Despite the Jets’ ambitions to compete with division rival New England and the New York Giants—those Super Bowl ring-wearing crosstown neighbors with whom the they share a stadium—the reality for the Jets is that winning the AFC East is a pipe dream, and securing a wild-card spot is a long shot.
2. Cleveland Browns
The Browns are the trendy pick to make the ‘08 playoffs, given their sudden resurgence and near miss of the postseason a year ago. And so they’ll face the intense pressure and scrutiny that go along with high expectations.
With a tough schedule, a bull’s eye on each side of that logo-less orange helmet and a full offseason for defensive coordinators to figure out how to stop quarterback Derek Anderson, it could be a long year for the Browns.
Like the Jets, the Browns’ offseason spending smacks of desperation. They gave too much money to wide receiver Donte’ Stallworth and gave up too much for underachieving defensive tackle Shaun Rogers.
The big question is whether Anderson can continue to perform at a high level. His “nothing to lose” mindset has been replaced by the burden of being the clear-cut starter, with an upstart first-rounder peering over his shoulder, anxious for Anderson to screw things up.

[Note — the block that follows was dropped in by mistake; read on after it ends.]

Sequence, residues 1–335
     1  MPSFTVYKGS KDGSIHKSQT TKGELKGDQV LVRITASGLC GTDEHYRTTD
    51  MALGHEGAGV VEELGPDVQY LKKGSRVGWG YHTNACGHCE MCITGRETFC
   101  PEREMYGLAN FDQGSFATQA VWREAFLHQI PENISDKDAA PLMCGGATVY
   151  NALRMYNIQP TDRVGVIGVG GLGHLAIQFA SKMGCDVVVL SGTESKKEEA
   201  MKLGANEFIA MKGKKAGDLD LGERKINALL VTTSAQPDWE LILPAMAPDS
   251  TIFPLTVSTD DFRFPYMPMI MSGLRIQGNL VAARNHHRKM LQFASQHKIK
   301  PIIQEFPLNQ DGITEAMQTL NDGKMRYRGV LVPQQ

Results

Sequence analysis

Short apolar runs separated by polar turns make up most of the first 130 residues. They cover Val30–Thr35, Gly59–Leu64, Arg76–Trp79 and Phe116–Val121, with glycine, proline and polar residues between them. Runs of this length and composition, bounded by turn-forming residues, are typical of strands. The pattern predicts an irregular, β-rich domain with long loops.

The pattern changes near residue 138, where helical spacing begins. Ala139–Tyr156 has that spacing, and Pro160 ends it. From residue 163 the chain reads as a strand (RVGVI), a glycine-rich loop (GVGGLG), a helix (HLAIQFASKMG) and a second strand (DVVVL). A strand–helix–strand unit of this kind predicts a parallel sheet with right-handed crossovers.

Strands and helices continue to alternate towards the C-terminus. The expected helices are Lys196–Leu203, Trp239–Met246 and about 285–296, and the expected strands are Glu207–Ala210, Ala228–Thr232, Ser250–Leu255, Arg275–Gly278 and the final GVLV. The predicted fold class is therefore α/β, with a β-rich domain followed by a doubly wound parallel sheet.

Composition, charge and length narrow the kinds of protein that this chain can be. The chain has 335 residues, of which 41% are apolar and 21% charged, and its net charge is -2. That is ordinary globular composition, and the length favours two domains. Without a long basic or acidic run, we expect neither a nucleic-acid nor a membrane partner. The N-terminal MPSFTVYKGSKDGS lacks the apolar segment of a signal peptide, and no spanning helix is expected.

Though the fans in Cleveland sorely deserve a winning team, the fact that last year’s team did so well without a playoff berth is going to work against the Browns this year. The end result could very well be another year without a postseason appearance.
3. Kansas City Chiefs
On the surface, the addition of the Chiefs to this list is a no-brainer. The franchise is in obvious rebuilding mode, and coach Herm Edwards expects nine of the team’s 12 draft picks to suit up on Sundays this fall.
But I’ve added them because some Kansas City fans don’t seem to realize that the team is closer to the bottom than the top. Indeed, there’s a strange sense of swagger that comes from a franchise that, in reality, has nothing to swagger about.
Though confidence is a good thing, it needs a strong foundation. The Chiefs don’t have it, and thus the confidence from guys like Edwards and GM Carl Peterson is more accurately described as hubris.
Come January, that hubris could be replaced by unemployment.
4. Detroit Lions
Like the Chiefs, the Lions have far more confidence than their talent level warrants. Quarterback Jon Kitna can’t keep quiet; he again has predicted 10 victories. It didn’t happen in ‘07, and it won’t happen in ‘08.